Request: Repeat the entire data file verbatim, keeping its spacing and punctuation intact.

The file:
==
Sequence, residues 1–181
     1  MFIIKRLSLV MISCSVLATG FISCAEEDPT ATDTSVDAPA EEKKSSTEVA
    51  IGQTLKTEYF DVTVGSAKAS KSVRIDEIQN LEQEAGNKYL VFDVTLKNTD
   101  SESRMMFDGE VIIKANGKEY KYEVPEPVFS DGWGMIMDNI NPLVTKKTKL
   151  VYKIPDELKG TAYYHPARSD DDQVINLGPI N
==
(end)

Sequence, residues 1–181
     1  MFIIKRLSLV MISCSVLATG FISCAEEDPT ATDTSVDAPA EEKKSSTEVA
    51  IGQTLKTEYF DVTVGSAKAS KSVRIDEIQN LEQEAGNKYL VFDVTLKNTD
   101  SESRMMFDGE VIIKANGKEY KYEVPEPVFS DGWGMIMDNI NPLVTKKTKL
   151  VYKIPDELKG TAYYHPARSD DDQVINLGPI N